Lesson Fourteen: How to grow a set.

Posted on 11:06 AM

The best compliment I probably will ever get came from my aunt LaDonna. She said she wished she had been more like me in her life and taken more chances. She said, “You really have some balls, girl.” Damn straight.

Derby is a natural magnet for women with a little venom in their blood. Women with something to prove, a deep need to be challenged and endure. Look around you at a practice, it’s full of scrappy survivors, ready to play. Take a look into the steel eyes of your comrades during battle and you find a glimpse of yourself too.

But since the age of zero we’ve been coddled and dressed in pink, told to be quiet and for christsake be nice. And here we are on the other side of womanhood trying desperately to awaken the five year-olds we once were, playing in the dirt, beating up boys, and acting a damn fool. We got tired of playing nice, so we started playing roller derby.

Now I say that to say this right herr: When you lace your skates and you roll across that floor you must become that warrior that sleeps inside you. You must shake off the decades of doubt and reach deep into the core of your spleen where you will find one giant pair of balls that say, “Oh fuck yeah I can.” I’m telling you, they actually say that. And the reason you truly truly must is this: There is no room for self doubt in derby. It is a mentally and physically exhausting battle and you MUST stay positive to be prepared for the challenge.

You did it. You already decided to play. There are twenty girls at home watching House for each and every one of us at practice. So take a second to pat yourself on the back and realize you are the fucking shit. You rock.

My advice today is this: ban any and all negative thoughts from your head. Saying, “I can’t” is blasphemy. Discouragement is viral so buck up!

Lesson Thirteen: Notes to an injured Bunnie

Posted on 8:26 AM
Being injured sucks asshole. There’s no pretty way to put it. If I were in a death metal band I would write songs about how deep the hate river flows inside me for bio-freezed knees that keep me out of play. Yep, sure would. And it’d be big in Sweden.

This gimp-ness has got to end! I know a few ways to make sure I’m on skates for a while. I’ll give myself the advice today. I’ll write it out in a nice little bloggity about staying playing and we’ll both read it and say things like, “Hm, sounds like a plan, stan.”

I’m going to start off by doing some inner leg exercises! My knee issues stem from the fact that I have some super strong muscles that aren’t exactly in proportion to the weaker inside muscles. And with hips like “woah” the angle from hip to knee makes it easy for my knee caps to be pulled off to one side. Ouchers! So inner knee exercises it is!

Next up is an Equipment check! It sucks to stand on the sidelines but if your equipment is broke there is just no need to chance the damn thing. I found this out last practice. I should have realized it was a bad idear to glue my skates back together after the boot started to rip from the plate but no, I have a thick skull and thought it would be just fine and dandy. The truth is any little thing can make you skate funny and that leads to more injuries. Also, making sure you have the dopest, thickest pads is KEY to knee heaven.

Then I’m going to get on the floor and work out what doesn’t hurt until I’m all better. Part one of getting better is realizing you aren’t some like super hero. And part two is taking care of your body like a normal person would. I’m not saying we’re normal… we’re rollerderby-uns, and that makes us special but not immune to the physical errors we’d all like to ignore. While I’m working on other things I’ll be throwing myself a posi-party. That’s as in posi-tive. I’ll be thinking of sunshine and rainbows and knocking bitches down. All the things that make bunnies smile. …oh and carrots.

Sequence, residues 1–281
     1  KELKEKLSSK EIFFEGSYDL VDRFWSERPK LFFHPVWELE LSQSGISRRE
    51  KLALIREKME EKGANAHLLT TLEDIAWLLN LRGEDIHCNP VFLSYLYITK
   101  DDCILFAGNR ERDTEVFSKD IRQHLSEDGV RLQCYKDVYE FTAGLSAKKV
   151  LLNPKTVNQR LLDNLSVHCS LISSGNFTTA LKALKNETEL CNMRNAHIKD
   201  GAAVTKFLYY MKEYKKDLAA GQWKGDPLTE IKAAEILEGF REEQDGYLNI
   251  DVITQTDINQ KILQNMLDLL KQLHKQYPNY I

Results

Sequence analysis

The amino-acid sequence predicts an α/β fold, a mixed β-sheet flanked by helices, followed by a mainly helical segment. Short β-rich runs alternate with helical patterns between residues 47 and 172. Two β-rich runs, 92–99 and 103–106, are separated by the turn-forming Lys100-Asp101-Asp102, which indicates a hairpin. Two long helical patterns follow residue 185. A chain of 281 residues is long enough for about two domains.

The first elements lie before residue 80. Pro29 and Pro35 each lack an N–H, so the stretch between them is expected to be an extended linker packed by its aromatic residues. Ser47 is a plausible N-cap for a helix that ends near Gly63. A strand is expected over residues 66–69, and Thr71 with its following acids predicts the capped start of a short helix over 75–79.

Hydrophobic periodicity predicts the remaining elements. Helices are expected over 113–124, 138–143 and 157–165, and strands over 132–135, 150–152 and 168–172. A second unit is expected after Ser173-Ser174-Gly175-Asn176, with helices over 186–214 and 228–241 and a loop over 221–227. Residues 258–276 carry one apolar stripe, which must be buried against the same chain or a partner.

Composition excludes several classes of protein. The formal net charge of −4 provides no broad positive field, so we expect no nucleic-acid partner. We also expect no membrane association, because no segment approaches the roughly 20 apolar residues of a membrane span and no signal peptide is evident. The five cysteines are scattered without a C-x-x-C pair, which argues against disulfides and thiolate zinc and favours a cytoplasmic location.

So are ya with me? Let’s make the most of being pissed off that we’re injured. Let's get better and stay better and play better! Yay Better!

Lesson the Twelth: If you're so fast, why you always behind me??

Posted on 7:45 AM
The best part of my day? Holding the fastest jammer on our team behind me in scrimmage. Not so fast now, are ya speed skater? ::evil bunny grin::

You’ve got to get in where you fit in, and so what if you’re not the fastest skater on the team. Use what you have, and I’ve got W-I-D-T-H! I’ve got long Bunny legs in a wide stance that can span half the track and a little bunny tail that will be all up in that jammers face. As for speed, I’ve got it side-to-side. I can block her outside and still beat her back to the line. But this isn’t about me and my big head bragging. This is about how to! Right?

Welp, first you set your self to swizzle skating every chance you get. Get comfortable, really comfy, with all eight wheels on the ground in fluid motions. Swizzle skating is the basis for all great blocking. And if there is one thing you should master it is the swizzle in all its very simple forms. “But why Bunniebunbun? What’s so great about slaloms? What’s so fancy about an hourglass?” you ask. And I say some explicative but then really to address your questions I’d offer this little gem right herr; with all eight wheels on the ground, with a solid and wide stance, with your shoulders turned in to the left and your eyes peering magnificently into the eyes of that hurried jammer, with all that going for you, why not?

My brandest newest advice: Swizzle your heart out. Let swizzling be your automatic gear. Work on widening your stance by sitting down into it. Let your shoulders guide you around the track, always turned the direction you’d most like to go. And of course keep those eyeballs peeled!

Once you’re comfortable, really comfy, begin to challenge yourself by lunging across the track from inside to outside and outside to inside in just one strong move. Do it faster and control it more each time. You’ll notice that the positioning of your toes and shoulders will determine your course while the thrust and change in your body weight distribution determines the speed of this lateral movement. You want to point yourself in the right direction while basically throwing your weight hither or thither, depending.

This is the kind of skill that will neutralize those bronze-baby-skate-havin-grand-slammin-jammer types. Work hard on these things and soon you’re going to be one hard to get by blocker!

Lesson Eleven: Fake it 'til ya Make it!

Posted on 12:16 PM
I hear so much about strategy lately and to be honest, I just don't get most of it. I try to understand but my big bunny brain is just too full of nonsense and exaggerated claims. So, in case you're like me I'm going to show you how to fake like you know what your doing.

Stay real close to your buddies. Touch them, look at them, listen to them, and try to do what they do-especially if they act like they know what to do!